Earlier this month, I published a post about News Corp’s plan to block all of its content from Google searches. Considering that Google controls more than 60% of online searches, that sounds like a crazy idea. Now, it looks like News Corp has a different idea that involves partnering with Microsoft to provide News Corp content through Bing.
Crazy? Or the first step in redefining the Internet?
The debate is on.
According to The New York Times, News Corp. and Microsoft are discussing a deal wherein Microsoft would pay News Corp to exclusively provide its content through Bing searches. Currently, Bing controls less than 10% of online searches.
News Corp leader Rupert Murdoch has made it no secret that he plans to find a way to monetize his company’s online presence. Having a search engine pay for exclusivity is just one step I assume we can expect to see from News Corp. The question is whether or not anyone cares from a consumer perspective. The world of publishing has changed significantly and offering content exclusively through a single search engine doesn’t sound like the best option for News Corp. However, if the move does mark the first step in redefining online content distribution, then I think the issues go much deeper than consumers are likely to realize in the short term.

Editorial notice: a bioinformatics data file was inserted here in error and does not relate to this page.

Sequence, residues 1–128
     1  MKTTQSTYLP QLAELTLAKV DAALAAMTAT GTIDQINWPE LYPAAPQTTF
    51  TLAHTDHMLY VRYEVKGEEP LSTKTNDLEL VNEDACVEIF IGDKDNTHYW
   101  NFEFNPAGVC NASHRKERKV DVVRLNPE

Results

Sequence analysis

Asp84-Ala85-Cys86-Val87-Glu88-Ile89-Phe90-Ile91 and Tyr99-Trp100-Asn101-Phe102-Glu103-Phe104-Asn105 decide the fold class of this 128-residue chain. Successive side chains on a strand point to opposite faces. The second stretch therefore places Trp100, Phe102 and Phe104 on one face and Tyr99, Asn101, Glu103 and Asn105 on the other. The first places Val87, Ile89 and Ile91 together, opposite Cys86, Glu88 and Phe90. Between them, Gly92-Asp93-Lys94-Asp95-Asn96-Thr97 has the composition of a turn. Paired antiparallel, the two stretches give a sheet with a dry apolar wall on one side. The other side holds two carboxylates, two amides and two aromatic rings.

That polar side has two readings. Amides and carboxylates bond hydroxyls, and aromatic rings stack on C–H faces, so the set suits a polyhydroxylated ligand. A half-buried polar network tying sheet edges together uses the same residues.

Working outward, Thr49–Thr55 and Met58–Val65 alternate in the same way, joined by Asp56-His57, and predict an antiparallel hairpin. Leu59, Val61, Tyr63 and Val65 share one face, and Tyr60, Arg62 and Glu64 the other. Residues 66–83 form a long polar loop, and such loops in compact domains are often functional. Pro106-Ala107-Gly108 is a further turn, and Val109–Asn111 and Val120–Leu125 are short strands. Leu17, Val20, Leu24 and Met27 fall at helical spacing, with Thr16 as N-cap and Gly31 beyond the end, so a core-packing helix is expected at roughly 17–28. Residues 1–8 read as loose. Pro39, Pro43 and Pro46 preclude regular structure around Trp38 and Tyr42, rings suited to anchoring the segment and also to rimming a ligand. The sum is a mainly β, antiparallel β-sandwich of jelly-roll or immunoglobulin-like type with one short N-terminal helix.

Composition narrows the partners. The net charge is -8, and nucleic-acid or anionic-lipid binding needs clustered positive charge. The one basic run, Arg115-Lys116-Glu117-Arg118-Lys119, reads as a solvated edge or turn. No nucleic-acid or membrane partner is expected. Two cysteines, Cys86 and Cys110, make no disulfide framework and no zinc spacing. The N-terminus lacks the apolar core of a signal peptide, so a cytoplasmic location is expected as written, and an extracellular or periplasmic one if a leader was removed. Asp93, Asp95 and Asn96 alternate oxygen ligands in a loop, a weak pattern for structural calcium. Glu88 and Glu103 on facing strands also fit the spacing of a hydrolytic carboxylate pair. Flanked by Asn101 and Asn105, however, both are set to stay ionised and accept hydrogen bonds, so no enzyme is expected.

I think it’s safe to say that if News Corp. successfully strikes a deal with Microsoft, other news organizations will want to follow suit. Afterall, they want to find ways to monetize their online efforts, too. The challenge for companies like News Corp may be competing against citizen journalists and the social Web where information spreads faster and farther than ever before. It’s not enough to just provide news anymore. People can find that anywhere. Today, news is a commodity.
Brands that are likely to withstand the growth of the social Web and content sharing are the ones that find ways to let their content spread and build relationships with consumers by adding value. Hiding content through exclusive deals runs counter to the lifeline of the social Web. As consumers, we can only hope that the openness of the Internet doesn’t change, but from a corporate perspective, it’s a matter of making money or dying.
The question remains — which company will step up to the plate and find the magic ticket to meeting the needs of both sides of this debate?
Latest posts by Susan Gunelius (see all)
- Coca-Cola Contour Bottle Turns 100 This Year - March 3, 2015
- World’s 50 Most Popular Brands - February 25, 2015
- Brands with the Most Loyal Customers in 2015 - February 18, 2015
- The World’s 50 Most Innovative Companies in 2015 - February 14, 2015
- UK Consumers Will Share Private Data with Brands Under Certain Conditions - February 4, 2015